In the wake of the BBC Panorama documentary aired last night, one CofE Vicar shares their experiences anonymously as a guest post. We need to listen and truly hear these experiences, and then challenge ourselves – all of us – if anything is going to change.
I grew up experiencing overt racism in public places, in school, and, yes, in church. I lose count of how many times racial slurs were hurled at me in the open. The rhyme about sticks and stones, which claims that words will never hurt me, is rubbish. I did feel hurt. I loved my heritage. I loved my skin. But others saw it as a way to exclude me, and that hurt. When you have experienced racism – or any form of discrimination – for a period of time, the consequences of it can last a lifetime. I am not bitter, and I don’t walk around these days expecting to be shouted at in the street, but, like a shadow in the far corner of your eye, the possibility lurks there in the background, and I am aware of it.
As an adult, I hardly ever directly experienced overt racism. Once, in the workplace, on my lunch break, some of my colleagues (all of whom were white) used a racial slur when talking about a local business. I shrank into my chair. They were not being directly racist towards me, but the term they used, betrayed a level of racism. I didn’t feel able to confront it. However, for the best part of fifteen years in my first career, I can only think of that one incident at work. And one more outside, where a child used a racial slur to describe me.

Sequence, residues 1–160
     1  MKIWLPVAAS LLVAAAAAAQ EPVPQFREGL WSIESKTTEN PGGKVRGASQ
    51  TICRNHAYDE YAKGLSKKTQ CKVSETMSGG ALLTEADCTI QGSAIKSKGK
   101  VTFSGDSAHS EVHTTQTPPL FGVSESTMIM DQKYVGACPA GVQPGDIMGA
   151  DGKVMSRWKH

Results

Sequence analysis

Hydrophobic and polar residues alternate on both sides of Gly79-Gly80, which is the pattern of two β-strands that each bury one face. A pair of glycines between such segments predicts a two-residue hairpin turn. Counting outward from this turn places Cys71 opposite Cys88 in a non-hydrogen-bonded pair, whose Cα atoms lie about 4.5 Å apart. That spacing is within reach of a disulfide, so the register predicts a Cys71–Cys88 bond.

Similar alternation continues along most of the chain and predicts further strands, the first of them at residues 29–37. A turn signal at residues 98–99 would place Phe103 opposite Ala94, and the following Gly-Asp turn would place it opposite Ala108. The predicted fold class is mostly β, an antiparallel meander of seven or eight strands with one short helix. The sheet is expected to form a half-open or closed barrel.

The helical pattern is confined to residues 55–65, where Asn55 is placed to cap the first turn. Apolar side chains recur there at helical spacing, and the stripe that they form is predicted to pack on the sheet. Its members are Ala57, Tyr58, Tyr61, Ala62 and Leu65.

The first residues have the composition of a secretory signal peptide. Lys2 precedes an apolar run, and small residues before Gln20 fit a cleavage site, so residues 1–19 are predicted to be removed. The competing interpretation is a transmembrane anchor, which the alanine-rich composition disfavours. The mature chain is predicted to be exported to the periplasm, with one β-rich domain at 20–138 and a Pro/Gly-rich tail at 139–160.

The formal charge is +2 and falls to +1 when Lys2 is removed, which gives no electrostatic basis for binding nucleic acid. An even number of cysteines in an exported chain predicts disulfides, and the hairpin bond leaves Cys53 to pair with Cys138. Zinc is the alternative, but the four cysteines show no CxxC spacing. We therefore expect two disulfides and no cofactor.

And then I began training for ordination in the CofE.
I was aware from the offset that I was the only global majority woman training in a prominent theological college. There were no global majority tutors, either. For the whole time I was there, this was the case. I was used to this in a church environment – this had been the case in the three churches I had attended as an adult.
Early in my training, as a class we were tasked with identifying significant influences that shaped who we were. I chose a famous leader from my background as, when I had been growing up, their actions and philosophy were huge influences in our family life and profoundly shaped some of my thinking. This was rejected by the class because this person wasn’t ‘of our culture’. I suddenly was faced with my ‘difference’.
I spoke to the tutor about it afterwards and asked whether there would be any diversity and inclusion teaching as part of our training. My tutor told me the best thing I could do was to go back to my classmates and explain how I had felt. So early on in my training, I didn’t feel at all comfortable doing that. Maybe I should have done so. But I didn’t. The tutor’s response about training was to ask me if I knew anyone who could deliver it! I messaged a prominent and well-liked clergyperson that I knew, to ask if they knew anyone. Their response was that they didn’t, but did we really want to encourage more of ‘them’ in the church because ‘they’ often hold very conservative views that wouldn’t necessarily fit with the CofE. Demoralised, I gave up. We didn’t receive any training on inclusion and diversity.
Other incidents – an ordinand telling me she didn’t ‘see’ my colour, another ordinand complaining when I talked about Black Lives Matter – ‘well, all lives matter, don’t they?’, a leader addressing a roomful of people by saying ‘we are all white, middle class, here’. Sometimes I flagged up the problem. Most of the time, I did not. As the only global majority woman there, was this now my task? To be the voice and challenge such comments? I didn’t want it to be, at all. I didn’t want that level of exposure. I didn’t want to be defined solely, or primarily, by the colour of my skin.